In the fallout of the misconduct documented on and affecting the primary author of Creating Passionate Users, conversation has started on the merits of promoting a “Blogger’s Code of Conduct” spearheaded by tech-blogger Tim O’Reilly who is also a friend of Kathy Sierra. (A working draft of the code can be viewed here.)
In his initial post, O’Relly writes:
A culture is a set of shared agreements that allows us to live together. Let’s make sure that the culture we create with our blogs is one that we are proud of.
I agree with this whole-heartedly, and I think the best blogs around create a very good culture by setting a positive example when they write. Robert Scoble, Garr Reynolds, Kathy Sierra, and Guy Kawasaki are all great examples of this tack. As a result, by and large, the people who participate in the micro-community developed around these blogs tend to follow the given example.
The New York Times has an overview of the potential code, and the concept has seen support and adaptation from some like David Weinberger and BlogHer (whose guidelines actually served as inspiration) while gaining some thoughtful criticism from others like Jeff Jarvis and Robert Scoble.
David Weinberger writes:
We’ve always been responsible for comments: There’s always been a line we wouldn’t allow commenters to cross, or if there’s been no line, we’ve been responsible for that as well. But we need to be OK with setting out explicit guidelines.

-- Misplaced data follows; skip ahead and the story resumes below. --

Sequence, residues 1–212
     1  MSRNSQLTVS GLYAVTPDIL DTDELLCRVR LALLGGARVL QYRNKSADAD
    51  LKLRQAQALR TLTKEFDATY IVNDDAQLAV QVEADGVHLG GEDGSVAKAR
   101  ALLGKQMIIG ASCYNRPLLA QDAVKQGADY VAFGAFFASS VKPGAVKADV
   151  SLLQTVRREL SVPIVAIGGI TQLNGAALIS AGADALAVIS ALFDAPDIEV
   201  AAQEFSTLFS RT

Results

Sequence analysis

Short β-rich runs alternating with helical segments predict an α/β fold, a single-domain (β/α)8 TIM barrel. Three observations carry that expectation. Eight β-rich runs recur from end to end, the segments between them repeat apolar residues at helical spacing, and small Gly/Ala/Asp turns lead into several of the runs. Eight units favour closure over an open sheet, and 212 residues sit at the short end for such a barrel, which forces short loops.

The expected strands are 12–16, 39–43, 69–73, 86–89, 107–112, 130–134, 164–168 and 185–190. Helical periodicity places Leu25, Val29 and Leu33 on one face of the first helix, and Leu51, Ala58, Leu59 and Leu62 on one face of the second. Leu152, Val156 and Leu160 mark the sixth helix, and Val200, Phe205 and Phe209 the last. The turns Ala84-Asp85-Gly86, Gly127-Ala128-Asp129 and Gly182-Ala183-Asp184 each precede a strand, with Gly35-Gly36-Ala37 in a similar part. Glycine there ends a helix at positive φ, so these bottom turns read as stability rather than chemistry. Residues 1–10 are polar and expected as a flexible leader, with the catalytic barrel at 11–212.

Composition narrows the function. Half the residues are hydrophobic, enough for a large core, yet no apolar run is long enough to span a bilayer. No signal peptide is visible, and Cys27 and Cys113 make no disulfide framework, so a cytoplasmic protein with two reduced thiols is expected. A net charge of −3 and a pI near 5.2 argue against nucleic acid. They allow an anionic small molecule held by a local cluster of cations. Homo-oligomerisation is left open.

On the other hand, Jeff Jarvis counters:
You either trust me and respect me based on what I say here or you do not, and there are plenty in the latter camp. Transparency and publicness are what drive that. Not some silly code and badge.
The way I see it is that Matthew 7:12 states it plainly: “Do unto others as you would have them do unto you.” Confucius said, “What you do not wish upon yourself, extend not to others,” and the Mahābhārata states, “This is the sum of duty; do naught unto others what you would not have them do unto you.” I could really go on and on here. What we refer to as the Golden Rule has seen incarnations in several religions and cultures in varying points of history. If we try to live by this principle offline, then we should also do so online.
I don’t enable comments on this site. (I don’t have the time to read and respond to them at my current point in life.) My readership is more than welcome to send me a message at the email address on the About Robert page. However, even if I do enable comments in the future, I still don’t think I’ll adopt the O’Reilly code verbatim. There is value in anonymity as well as danger. I don’t feel I own your words. However, I do expect you to engage me the way I would engage you in conversation – fairly and respectfully.
PS – I resent the New York Times article title. It does a little too much to equate “nasty” with “blogs” in the public mind. Also, those web badges on the O’Reilly draft are not pretty.